When I work with families, they tend to share a few characteristics
- They’re incredibly bright, which makes them good at seeing lots of possibilities in situations which leads to success but also leads to massive amounts of worry and indecision on some complicated issues
- They’ve been achievers for most of their lives, having success throughout school and a history of receiving accolades
- They’re achieving the financial success that they always expected, but are now quite hesitant to make decisions and take steps forward.
I think these 3 characteristics are all related, and work together to create a storm of fear and indecision for the big choices they face. If you’ve always gotten praise and pats on the back, making choices that might not be right can fill you with fear. Add onto that the cost and burden of not making good choices in this area, such as not being able to provide educations and retire with the comfortable lifestyle that you’ve envisioned, and it becomes incredibly difficult to make any moves at all.
Yet, for many of us that find the above characteristics familiar, amazing is what has gotten us this far. We’re collectively talented, focused, successful, and used to doing things that to many are amazing. So, how can you get started on your financial future if amazing is the bar that you have to meet to feel good?
The answer is: You can’t. You’ll read another article, ask a friend for their opinion, meet with a few people, and ultimately end up not making any changes or progress, because you can’t be sure of the right answer or the right pathway.
Hard truth: Success in your financial life isn’t about perfection.
Success in your financial life looks like a lot of small choices that are difficult to see how they’re making significant progress, but ultimately it’s all we can do. Beyond taking advantage of the big moments like bonuses, inheritances, and other windfalls, we’ve got to make it to our financial goals with the resources we generate on a bi-weekly or monthly basis, and becoming more successful in understanding those habits and making small changes is what leads to the results we’re seeking.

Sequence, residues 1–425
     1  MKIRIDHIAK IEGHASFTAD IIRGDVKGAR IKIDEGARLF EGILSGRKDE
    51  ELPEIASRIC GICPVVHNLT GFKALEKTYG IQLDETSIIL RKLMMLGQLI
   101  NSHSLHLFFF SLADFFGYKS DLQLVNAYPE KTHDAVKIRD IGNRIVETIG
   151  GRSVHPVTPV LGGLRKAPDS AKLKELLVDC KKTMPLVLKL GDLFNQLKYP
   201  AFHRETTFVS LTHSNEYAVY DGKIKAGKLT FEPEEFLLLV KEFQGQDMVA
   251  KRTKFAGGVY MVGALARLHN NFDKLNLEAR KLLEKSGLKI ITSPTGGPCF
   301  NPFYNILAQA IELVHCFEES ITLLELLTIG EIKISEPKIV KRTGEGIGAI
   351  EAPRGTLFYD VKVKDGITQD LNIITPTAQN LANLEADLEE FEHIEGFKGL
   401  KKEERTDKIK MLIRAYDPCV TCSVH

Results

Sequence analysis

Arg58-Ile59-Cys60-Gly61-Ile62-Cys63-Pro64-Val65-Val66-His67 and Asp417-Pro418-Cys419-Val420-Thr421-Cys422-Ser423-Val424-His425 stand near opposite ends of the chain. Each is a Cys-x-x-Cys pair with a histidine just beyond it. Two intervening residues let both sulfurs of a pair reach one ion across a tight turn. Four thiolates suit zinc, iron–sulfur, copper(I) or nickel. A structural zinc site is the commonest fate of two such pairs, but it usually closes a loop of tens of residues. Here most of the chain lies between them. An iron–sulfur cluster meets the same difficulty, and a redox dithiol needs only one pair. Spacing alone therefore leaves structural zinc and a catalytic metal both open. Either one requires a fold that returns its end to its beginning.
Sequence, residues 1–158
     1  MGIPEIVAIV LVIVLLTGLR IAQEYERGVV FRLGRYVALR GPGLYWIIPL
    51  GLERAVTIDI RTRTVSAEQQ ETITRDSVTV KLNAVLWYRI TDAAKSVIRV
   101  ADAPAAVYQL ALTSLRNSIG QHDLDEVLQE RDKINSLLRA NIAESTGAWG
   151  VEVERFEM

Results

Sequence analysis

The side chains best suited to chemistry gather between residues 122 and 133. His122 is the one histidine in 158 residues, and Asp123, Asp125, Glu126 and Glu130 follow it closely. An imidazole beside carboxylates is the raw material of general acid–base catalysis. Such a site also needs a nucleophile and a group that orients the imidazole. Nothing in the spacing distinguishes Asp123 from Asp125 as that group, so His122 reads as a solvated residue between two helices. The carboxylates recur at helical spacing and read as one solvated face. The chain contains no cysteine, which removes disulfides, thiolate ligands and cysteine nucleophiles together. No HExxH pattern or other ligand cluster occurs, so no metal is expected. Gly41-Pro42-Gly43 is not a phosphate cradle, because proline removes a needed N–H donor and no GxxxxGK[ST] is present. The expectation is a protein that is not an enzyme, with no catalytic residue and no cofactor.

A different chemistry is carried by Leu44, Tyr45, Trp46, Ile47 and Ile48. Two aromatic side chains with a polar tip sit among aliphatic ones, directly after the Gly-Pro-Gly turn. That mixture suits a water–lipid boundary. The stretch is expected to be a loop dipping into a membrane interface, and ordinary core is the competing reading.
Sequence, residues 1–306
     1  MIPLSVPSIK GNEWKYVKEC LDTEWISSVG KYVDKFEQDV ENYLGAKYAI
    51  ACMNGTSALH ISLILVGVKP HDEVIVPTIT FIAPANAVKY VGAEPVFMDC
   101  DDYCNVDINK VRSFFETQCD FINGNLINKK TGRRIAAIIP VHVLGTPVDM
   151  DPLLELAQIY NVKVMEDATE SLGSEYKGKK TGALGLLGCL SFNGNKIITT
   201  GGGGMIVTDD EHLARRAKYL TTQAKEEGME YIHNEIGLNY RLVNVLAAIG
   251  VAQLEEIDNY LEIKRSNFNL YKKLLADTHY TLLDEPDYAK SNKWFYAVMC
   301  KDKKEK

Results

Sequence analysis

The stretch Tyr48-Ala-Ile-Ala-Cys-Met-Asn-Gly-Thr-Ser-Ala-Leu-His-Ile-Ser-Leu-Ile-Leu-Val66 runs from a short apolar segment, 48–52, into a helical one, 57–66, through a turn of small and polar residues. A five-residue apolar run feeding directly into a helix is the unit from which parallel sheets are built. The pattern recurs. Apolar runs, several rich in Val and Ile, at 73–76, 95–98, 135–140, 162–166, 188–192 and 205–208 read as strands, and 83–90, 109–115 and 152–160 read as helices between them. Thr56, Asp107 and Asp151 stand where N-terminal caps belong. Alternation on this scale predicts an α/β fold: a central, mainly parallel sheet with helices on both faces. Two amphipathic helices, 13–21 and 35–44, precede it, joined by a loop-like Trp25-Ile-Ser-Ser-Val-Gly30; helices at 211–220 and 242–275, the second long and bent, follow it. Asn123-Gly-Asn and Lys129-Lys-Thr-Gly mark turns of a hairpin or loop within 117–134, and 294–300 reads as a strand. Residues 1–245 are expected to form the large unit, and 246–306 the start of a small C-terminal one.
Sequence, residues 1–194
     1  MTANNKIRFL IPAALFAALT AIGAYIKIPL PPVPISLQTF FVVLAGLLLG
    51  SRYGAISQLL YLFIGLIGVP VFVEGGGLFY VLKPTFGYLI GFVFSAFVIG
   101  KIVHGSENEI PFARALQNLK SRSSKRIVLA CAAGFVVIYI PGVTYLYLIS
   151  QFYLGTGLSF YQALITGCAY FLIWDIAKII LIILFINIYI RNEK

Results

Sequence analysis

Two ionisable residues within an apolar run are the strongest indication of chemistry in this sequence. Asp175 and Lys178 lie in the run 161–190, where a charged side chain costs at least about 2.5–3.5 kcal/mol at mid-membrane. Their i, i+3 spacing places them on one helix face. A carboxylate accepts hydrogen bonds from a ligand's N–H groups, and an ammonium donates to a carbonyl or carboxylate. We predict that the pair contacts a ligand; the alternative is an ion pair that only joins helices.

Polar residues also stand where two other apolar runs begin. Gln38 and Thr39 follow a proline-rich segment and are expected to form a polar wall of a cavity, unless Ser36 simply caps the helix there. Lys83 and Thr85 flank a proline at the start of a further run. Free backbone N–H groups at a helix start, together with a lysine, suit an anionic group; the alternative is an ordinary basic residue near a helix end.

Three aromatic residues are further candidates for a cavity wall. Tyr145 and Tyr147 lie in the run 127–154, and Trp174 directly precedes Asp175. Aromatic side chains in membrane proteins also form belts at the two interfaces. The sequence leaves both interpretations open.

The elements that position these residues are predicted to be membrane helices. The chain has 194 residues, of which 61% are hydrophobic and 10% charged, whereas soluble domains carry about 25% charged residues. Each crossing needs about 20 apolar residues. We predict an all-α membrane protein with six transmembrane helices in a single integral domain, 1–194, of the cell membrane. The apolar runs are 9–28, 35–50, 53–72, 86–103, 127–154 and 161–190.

Dave Brailsford, the General Manager for Great Britain’s professional cycling team called this the “aggregation of marginal gains”. When he took over the cycling team, he had a goal to win the Tour de France in 5 years, something that no cyclist from Great Britain had ever done. He started with the theory that our professional cyclists were all amazing at training, riding, and strategy, and that there were likely no very large gains or changes to be made. Rather, they focused on seeking “the 1 percent margin for improvement in everything you do.” These improvements in many areas built up to a win for Great Britain in the Tour de France in 3 years, not 5, and are what can allow you to reach your financial goals.
Chances are, if there were $1,000 per month to find in your budget you would have already found it. It’s small, subtle changes that will build up to the goals you’re hoping to achieve.
How do you find those small, subtle changes?
Review last week’s spending every week. Doing a monthly review is tedious, and it’s hard to remember expenses from early in the month (what did I buy on Amazon on the 3rd?), but it’s pretty easy to remember what you spent on Amazon on Tuesday. Look for patterns. What spending decisions do you feel good about when you look at them again? Which ones do you wish you could have another shot at?
It’s hard to say ‘no’ without a bigger ‘yes’. Spending decisions are often about saying no to something so you can save the money for something else. What are you willing to say ‘no’ to now, in order to be able to say ‘yes’ to a bigger goal, like a new house, travel, or starting a business? Whatever the ‘yes’ ultimately is, get incredibly clear about it. The more images and details you can put around it, the easier it is to make choices to support that vision.